UPDATE: August, 27, Curley pulls nursing home sale resolution
Freeholder John Curley called this morning to say that he has pulled his resolution to sell the Monmouth County owned nursing homes from this week’s agenda. County CFO Craig Marshall is on vacation. Curley wants Marshall available to address all of the financial concerns regarding the proposed sale. Curley expects to reintroduce the resolution in September.
The John L. Montgomery Care Center in Freehold and the Geraldine L. Thompson Care Center in Wall are owned and operated by Monmouth County’s government. Property tax payers have been subsidizing the long term care of the elderly, disabled and infirm residing in these facilities for decades. From 2007 through 2013 the cumulative deficit funded by Monmouth property tax payers was about $40 million. Despite cost cutting measures and union givebacks, the combined deficit this year is on track to exceed $13 million plus the cost of repairs and capital improvements required to keep the facilities in compliance with state and federal regulations, due to cutbacks in the amount that Medicaid pays for patient care under ObamaCare. 98% of the patients at Montgomery and Thompson are insured by Medicaid.
Freeholder John Curley has been pushing his colleagues on the all Republican Board of Chosen Freeholders to sell the nursing homes for years. Every time the issue gets traction or public attention, patients in wheelchairs and staff members of the nursing facilities show up at Freeholder meetings and plead with the Freeholders not to sell the facilities. The patients’ stories are heart wrenching. The declarations of love for their patients by the staff members are moving.
At Freeholder meetings, Curley and Freeholder Tom Arnone speak in favor of selling the facilities. Freeholders Lillian Burry, Gary Rich and Serena DiMaso say they need more information regarding what will happen to the patients, the employees and the value of the properties.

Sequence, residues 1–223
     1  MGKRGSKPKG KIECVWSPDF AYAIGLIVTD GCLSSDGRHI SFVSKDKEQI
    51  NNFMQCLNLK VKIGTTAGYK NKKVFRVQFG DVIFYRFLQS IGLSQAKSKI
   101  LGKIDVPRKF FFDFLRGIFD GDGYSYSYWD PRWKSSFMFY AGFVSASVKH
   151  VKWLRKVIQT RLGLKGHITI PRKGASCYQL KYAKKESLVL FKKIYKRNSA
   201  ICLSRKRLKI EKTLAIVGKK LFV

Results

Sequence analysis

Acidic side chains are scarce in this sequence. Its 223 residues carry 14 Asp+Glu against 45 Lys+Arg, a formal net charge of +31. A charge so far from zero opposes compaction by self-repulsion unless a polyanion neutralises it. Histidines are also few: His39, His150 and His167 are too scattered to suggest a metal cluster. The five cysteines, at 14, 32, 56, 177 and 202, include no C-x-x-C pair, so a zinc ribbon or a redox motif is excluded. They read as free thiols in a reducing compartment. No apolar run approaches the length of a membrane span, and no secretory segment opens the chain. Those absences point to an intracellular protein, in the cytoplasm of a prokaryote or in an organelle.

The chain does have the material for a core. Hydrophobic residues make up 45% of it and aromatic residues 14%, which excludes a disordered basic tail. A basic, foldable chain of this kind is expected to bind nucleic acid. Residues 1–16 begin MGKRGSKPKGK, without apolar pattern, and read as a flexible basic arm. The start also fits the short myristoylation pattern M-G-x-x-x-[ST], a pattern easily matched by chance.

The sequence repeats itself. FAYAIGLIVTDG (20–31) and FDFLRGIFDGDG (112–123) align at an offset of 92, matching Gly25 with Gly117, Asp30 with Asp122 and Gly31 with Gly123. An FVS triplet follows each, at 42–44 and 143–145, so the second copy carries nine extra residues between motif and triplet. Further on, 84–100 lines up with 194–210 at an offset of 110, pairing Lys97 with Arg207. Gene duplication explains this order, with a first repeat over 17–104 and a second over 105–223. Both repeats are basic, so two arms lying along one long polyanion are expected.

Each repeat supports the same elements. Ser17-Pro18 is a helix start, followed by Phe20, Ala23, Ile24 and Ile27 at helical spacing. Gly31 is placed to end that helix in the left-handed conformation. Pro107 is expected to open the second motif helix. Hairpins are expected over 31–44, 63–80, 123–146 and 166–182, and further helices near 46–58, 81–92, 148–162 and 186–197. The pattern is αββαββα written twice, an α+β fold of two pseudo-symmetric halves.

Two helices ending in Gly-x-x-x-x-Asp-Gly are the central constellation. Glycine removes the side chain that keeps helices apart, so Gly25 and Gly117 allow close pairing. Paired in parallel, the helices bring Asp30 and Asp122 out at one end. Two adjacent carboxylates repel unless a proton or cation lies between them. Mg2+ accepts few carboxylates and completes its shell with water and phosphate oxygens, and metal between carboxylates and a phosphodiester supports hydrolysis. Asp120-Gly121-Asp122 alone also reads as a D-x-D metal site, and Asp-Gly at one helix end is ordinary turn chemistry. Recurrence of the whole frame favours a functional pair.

Curley is forcing the issue with a resolution to sell the facilities on the agenda of this Thursday’s Freeholder Meeting. Arnone is expected to provide the second to the resolution.
Curley and Arnone favor selling the facilities via auction with restrictions on the buyer as to what will happen to the existing patients, employees and with the caveat that the $4 million required for repairs and capital improvements be put into reserve. Arnone told the Asbury Park Press he realizes that those restrictions could reduce the amount the county gets by selling the facilities.
“I don’t care what we get in the sale or privatizing of it. The things that means the most to me are that the people are taken care of,” Arnone said according to app.
Rich told MMM this afternoon that he favors privatizing the county owned nursing homes, but that Curley’s resolution is premature. “We’re still gathering information and talking to professionals in order to evaluate all of our options,” said Rich, “It is important that the patients be taken care, but it is equally important that the taxpayers interests are looked out for. All we have right now is a realtor’s estimate that we could get between $20 and $25 million for our facilities based upon comparable sales. We’re expecting more information in September and October. There is no need to rush into a resolution to sell this week. We still have due diligence to do.”
Curley and Arnone are right. The bleeding has to stop and the status quo of the nursing homes is not sustainable. But Burry, Rich and DiMaso are also right. More information is needed.
The freeholders should expand their thinking to consider options other than selling the nursing homes or continuing to operate them as county owned facilities. It could be that the best options for the patients, employees and taxpayers is to place the patients in existing privately owned nursing homes and doing something else with the real estate or selling it for another use.